Work When You Work Best


It’s what digital nomads crave. Instead of being tethered to a desk between the hours of 9-5, we tend to enjoy the freedom to work when we want and where we want.

However, we all have our productive moments.

As Dan Andrews of Tropical MBA fame describes in a recent TheNextWeb article:

My schedule revolves around preserving my creative time. I generally wake up around 8:00 and work to 11:00 or noon on creative stuff, then I’ll head out for lunch with friends or while listening to an audio book. I spend a lot of time walking around, listening to books, and meeting friends at cafes.

Early afternoons are for paperwork, email, and phone calls. In the evenings I’ll take a run and do some exercise and meet with friends for dinner and drinks. About every three weeks I get the itch to take a trip somewhere and end up wondering around for a few weeks with a wacky schedule.

When you’re working throughout the day, take note of the times that you’re most productive. It can be early morning, late at night, or some time in between.

Make sure that you schedule the time that you work around your personal productivity. That will ensure that you maximize your output while giving you a chance to explore and meet new people.

Hang Out a While

When you get to a location, don’t immediately plan your exit. Instead, plan to stay a while and enjoy the moment. You’ll always be able to get to that next place that is supposed to be “perfect”, but sometimes the grass isn’t always greener on the other side.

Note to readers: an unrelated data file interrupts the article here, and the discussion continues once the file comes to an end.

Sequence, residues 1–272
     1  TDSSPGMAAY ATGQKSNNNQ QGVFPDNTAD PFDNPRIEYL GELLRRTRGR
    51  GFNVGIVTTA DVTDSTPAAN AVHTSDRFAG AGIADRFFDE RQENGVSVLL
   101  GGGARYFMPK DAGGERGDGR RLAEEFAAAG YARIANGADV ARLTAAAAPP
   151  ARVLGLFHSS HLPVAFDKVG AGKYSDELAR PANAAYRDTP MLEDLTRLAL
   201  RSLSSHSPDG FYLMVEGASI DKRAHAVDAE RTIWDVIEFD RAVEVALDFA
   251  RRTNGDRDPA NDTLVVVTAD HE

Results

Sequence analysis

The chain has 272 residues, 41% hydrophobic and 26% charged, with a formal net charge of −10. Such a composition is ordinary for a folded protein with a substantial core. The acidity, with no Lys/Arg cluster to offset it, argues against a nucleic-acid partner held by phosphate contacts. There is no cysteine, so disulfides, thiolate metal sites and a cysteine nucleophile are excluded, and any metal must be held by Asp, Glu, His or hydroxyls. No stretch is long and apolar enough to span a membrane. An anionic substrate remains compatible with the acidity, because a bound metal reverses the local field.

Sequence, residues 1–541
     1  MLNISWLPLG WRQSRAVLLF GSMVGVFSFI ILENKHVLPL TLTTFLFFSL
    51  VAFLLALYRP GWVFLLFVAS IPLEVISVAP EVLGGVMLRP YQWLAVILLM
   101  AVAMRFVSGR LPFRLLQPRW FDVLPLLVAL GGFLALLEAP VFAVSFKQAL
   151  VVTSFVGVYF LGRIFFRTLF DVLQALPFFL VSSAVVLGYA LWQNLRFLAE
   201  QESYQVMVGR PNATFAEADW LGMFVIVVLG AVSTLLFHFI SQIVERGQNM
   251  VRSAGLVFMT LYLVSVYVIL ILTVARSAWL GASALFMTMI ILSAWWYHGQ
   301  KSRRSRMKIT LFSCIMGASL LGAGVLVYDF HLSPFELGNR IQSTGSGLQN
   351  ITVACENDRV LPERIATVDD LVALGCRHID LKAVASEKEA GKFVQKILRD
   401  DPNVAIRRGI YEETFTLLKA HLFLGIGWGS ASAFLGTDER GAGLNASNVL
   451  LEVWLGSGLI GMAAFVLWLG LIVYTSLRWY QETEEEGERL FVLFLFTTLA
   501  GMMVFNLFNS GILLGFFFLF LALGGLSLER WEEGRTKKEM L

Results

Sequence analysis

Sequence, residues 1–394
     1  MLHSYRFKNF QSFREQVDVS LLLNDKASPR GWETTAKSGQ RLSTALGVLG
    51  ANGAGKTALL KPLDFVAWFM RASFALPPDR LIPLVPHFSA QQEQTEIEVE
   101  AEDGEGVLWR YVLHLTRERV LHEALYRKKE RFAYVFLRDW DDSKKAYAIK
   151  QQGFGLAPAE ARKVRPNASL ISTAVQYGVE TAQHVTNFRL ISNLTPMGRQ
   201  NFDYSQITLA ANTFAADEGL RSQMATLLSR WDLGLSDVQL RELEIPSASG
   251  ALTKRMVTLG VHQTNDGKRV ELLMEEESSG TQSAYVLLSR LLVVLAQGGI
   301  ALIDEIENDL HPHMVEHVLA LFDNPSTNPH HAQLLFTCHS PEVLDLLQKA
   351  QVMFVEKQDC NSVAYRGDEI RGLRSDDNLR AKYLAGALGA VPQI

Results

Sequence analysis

Besides that, staying in one place for a while allows you to get engrained in the culture of the location, and not just scratch the tip of the iceberg.

Staying in one place will allow you to become more productive.

Seasoned travelers and nomads will tell you that it takes at least two weeks to begin to adjust to a new location. You need to find stores, amenities, places to eat, and adjust to the local culture. None of which can happen overnight.

Staying in one place for a while will also be cheaper. You will cut down on travel expenses and your options for finding a place to sleep increase the longer you plan to stay.

Most long term travelers don’t stay in hotels. Instead, they explore other options.

For instance, they use sites like and to find places to “house-sit” for a month or more.

Or they use sites like to find and book hostels across the globe – many of which can be had for just $5 a night.

Become Disciplined

It’s easy to become distracted.

This is especially true if you’ve been working in a traditional 9-5 job or in an office or cube farm for the majority of your career. Your new found freedom can become overwhelming at first.

The way to combat this is by ruthlessly sticking to a routine that you build around your most productive times.

This doesn’t have to be a huge undertaking. Even just a 30 minute routine in the morning can help you get your mind right, help you eliminate distractions, and help you get more work done.

For instance, every morning I do the same 5 things after I wake up:

  1. Brush my teeth
  2. Drink a glass of water
  3. Eat a healthy breakfast (usually oatmeal)
  4. Take a 20 minute walk
  5. 2 cups of coffee

And then I’m ready to go. The entire routine takes me about 35 minutes, but if I miss one of those steps, my day won’t be nearly as productive as it could have been.

Give it a shot and see what works for you.


Being a digital nomad comes with a certain element of freedom that most of the world will never know.

You get to work when and where you want.

You get to see exotic places and meet interesting people.

But in order for this to happen, you need to have a certain measure of productivity. It can’t be all fun and games. So take the 5 hacks for working on the road listed above and increase your productivity while continuing to live the life you love.